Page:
Illinois Public Media News
Senator Dick Durbin is recovering today after undergoing a surgical procedure that removed a portion of his stomach.
A release from the Democrat's office says a routine checkup a few weeks ago revealed that Durbin had a small growth in his stomach - the small gastro-intestinal stromal tumor was removed this morning at a Chicago hospital. Durbin's office says it appears the tumor had not spread elsewhere, and no cancer was found in Durbin's stomach or esophagus.
A spokesman says the senator could be released from the hospital and resume a light schedule in a couple of days and a full schedule in a week.
A fatal accident inside a grain bin this week in northwest Illinois underlines just how dangerous it can be to work in the agriculture industry.
Firefighters, paramedics and other emergency workers are taking part in a three-day workshop on responding to farm-related emergencies.
Amy Rademaker is a farm safety expert with Carle Foundation Hospital in Urbana, which is hosting the event. She says this week's incident occurred at a grain elevator that's subject to a number of safety regulations. But individually-owned grain bins present special problems.
"Those safety practices may not be implemented -- they're not required by OSHA standards unless you have so many employees," Rademaker said. "So it's different when you talk about an elevator versus on-farm storage. But we do have a lot of elevators here, and so we hope they're taking precautions."
Rademaker says emergency workers this weekend are learning how to respond to grain-bin incidents as well as tractor rollovers and other accidents specific to farms. She says rural crews are obviously prime targets for training, but even urban fire and ambulance workers can be called out to help in farm-related accidents.
Tests have found little to no toxicity from the algae in Clinton Lake, but state officials still say swimmers and other users should be concerned.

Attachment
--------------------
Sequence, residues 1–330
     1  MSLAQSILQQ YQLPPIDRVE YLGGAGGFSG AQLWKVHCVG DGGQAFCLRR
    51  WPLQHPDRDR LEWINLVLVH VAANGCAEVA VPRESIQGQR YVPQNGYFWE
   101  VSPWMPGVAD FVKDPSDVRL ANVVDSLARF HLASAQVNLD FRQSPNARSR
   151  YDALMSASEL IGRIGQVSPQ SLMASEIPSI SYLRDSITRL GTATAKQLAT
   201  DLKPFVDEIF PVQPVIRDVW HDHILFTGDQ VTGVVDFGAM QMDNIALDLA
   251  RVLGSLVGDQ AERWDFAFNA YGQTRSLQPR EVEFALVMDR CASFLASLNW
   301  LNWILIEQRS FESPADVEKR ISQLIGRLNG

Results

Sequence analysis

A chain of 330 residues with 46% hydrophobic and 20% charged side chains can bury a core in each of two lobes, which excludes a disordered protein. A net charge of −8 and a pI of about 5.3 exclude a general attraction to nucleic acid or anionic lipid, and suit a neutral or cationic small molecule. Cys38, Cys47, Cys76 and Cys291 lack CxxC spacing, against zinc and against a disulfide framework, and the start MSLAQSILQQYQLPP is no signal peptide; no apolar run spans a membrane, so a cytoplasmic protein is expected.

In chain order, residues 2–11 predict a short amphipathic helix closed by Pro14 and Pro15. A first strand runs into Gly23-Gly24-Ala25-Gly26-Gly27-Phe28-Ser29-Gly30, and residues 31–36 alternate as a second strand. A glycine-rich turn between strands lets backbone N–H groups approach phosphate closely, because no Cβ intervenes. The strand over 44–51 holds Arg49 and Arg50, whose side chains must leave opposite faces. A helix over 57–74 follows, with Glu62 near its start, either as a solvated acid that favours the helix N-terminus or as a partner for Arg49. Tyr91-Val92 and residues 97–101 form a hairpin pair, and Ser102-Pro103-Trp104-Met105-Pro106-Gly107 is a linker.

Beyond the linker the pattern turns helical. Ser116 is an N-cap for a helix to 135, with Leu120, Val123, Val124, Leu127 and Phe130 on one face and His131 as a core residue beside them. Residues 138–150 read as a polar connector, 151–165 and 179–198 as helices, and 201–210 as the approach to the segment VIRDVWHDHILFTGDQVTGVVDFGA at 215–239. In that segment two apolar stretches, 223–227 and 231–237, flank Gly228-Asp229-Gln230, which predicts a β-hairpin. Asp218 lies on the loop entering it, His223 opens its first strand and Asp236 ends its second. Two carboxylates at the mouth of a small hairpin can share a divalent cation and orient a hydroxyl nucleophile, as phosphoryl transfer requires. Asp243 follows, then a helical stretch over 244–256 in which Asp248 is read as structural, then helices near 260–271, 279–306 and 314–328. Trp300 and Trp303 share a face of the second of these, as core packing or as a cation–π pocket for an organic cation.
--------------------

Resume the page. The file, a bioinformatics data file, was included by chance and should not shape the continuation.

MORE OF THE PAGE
A 12 year old girl from Urbana had become ill after swimming there over the Fourth of July holiday. The state Department of Natural Resources posted an algae advisory. But they've amended it now that 2 out of 4 water samples found only very low levels of the type of algae that would cause a public health concern.
DNR spokeswoman Januari Smith says blue-green algae scum is common in most bodies of water, but it's best avoided. "We didn't close the lake to swimming or boaters or any other lake users," said Smith. "We just advised them -- we did this last week and we are still doing it -- to be very cautious. Do not swim in stagnant water or in obvious algae blooms."
Smith says Clinton Lake is not treated for algae and they don't plan any treatment.
The new University of Illinois president says he has experience dealing with state governments that are struggling with meager budgets, and more struggling will take place in the next year.
Michael Hogan says he wants to correlate the yearly increases in tuition with state funding reductions that are forcing universities to pass the cost on to students and parents. Hogan sat down for an interview with Illinois Public Media's David Inge, telling him that the U of I has to concentrate just as much on controlling costs, and future staff reductions are possible. He wouldn't specify where layoffs could happen, but he says a committee report has focused on certain services that could be restructured.
"We're going to begin right away when it comes to IT, human resources, strategic purchasing and a variety of other back-office operations, administrative operations. We can begin implementing the recommendations coming out of that committee and begin realizing the savings quickly."